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Discuss this

There are currently 1 Comment comments.

  1. Mike May 26, 2017 9:42 am

    TC Heartland just made the patent troll problem worse.

    Without equal venue and the ability to enforce IP rights, small inventors hold worthless pieces of paper, and TC Heartland did exactly that, throwing small inventors, universities, and research centers under the bus by putting venue 100% in favor of defendants. Inventors simply cannot afford to chase infringers all throughout the states in order to protect their IP. And because TC Heartland just dramatically increased the cost for inventors to enforce their IP rights, and because the risk for attorneys to even consider contingency fee arrangements just skyrocketed, TC Heartland actually just added fuel to the fire regarding the patent troll problem.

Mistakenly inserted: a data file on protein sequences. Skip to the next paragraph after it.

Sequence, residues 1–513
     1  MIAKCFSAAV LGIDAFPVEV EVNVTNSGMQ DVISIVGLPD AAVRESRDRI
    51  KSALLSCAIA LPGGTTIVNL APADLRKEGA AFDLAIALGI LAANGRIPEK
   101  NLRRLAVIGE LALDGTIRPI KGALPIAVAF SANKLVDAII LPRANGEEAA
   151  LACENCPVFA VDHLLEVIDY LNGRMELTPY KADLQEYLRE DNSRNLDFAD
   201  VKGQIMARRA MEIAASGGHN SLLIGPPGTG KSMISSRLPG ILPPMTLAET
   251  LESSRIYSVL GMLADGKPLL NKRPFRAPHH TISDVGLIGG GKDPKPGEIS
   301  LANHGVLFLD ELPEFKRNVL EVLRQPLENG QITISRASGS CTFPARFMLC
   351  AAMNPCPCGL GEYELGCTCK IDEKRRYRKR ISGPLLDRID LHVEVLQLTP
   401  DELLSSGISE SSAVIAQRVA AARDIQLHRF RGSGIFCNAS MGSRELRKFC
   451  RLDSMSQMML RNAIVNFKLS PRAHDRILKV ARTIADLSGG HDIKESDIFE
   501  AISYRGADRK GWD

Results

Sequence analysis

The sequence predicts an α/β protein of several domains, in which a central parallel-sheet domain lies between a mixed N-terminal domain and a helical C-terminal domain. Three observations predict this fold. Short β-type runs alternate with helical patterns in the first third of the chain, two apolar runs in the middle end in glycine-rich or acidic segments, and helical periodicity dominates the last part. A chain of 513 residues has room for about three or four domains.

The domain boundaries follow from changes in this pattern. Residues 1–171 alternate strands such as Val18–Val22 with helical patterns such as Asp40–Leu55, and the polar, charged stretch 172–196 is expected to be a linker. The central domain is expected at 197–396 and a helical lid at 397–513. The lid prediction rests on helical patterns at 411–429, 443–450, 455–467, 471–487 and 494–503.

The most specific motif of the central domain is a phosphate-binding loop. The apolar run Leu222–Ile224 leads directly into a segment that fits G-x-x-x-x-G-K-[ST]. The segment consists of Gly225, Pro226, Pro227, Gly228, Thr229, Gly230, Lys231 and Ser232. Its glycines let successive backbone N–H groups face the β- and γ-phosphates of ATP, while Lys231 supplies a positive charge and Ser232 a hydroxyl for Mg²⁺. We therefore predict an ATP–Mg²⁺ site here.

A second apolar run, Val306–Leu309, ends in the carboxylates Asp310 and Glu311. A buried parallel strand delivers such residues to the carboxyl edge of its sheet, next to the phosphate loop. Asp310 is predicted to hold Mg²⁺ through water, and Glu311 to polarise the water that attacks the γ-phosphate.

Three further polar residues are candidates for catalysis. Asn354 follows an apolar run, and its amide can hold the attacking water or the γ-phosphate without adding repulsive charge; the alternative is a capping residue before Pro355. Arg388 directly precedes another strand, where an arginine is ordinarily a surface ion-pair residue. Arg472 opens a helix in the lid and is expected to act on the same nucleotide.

It’s not that difficult to realize that the more difficult it becomes for small inventors to enforce their IP rights, the more likely they will actually cede their IP over to trolls for enforcement.

    On legal footing alone, I actually do agree with SCOTUS’s decision due to precedent, but if you listen to the oral arguments, it was repeatedly suggested that Congress is the entity that needs to step up to the plate and construct a better venue statute in 1400(b).

    Dabney, Esq. (petitioner in Heartland’s oral argument) summed it up rightly when he said: “If there is a problem with the way Congress wrote the law, that’s just too bad. That’s not for a court to come in and overrule precedent in order to achieve a goal like that.” And he’s right. SCOTUS does not have the authority to write law. In fact, at 45:25 in the oral argument, Justice Sotomayor asks William Jay Esq. (respondent for Kraft) why he thought so many patent suits go to Texas, and whether it was due to venue forum shopping. Jay said that, rather than a SCOTUS binary decision on venue, CONGRESS IS BETTER EQUIPPED TO HANDLE THE VENUE PROBLEM, with one of the things being: “… Congress can … create a definition that doesn’t turn on the word ‘resides’ at all … [Congress] can add where the plaintiff has done research on the invention that is patented. Those are, in fact, what the proposals look like. … They all at least offer principal place of business and some plaintiff-centered venue.”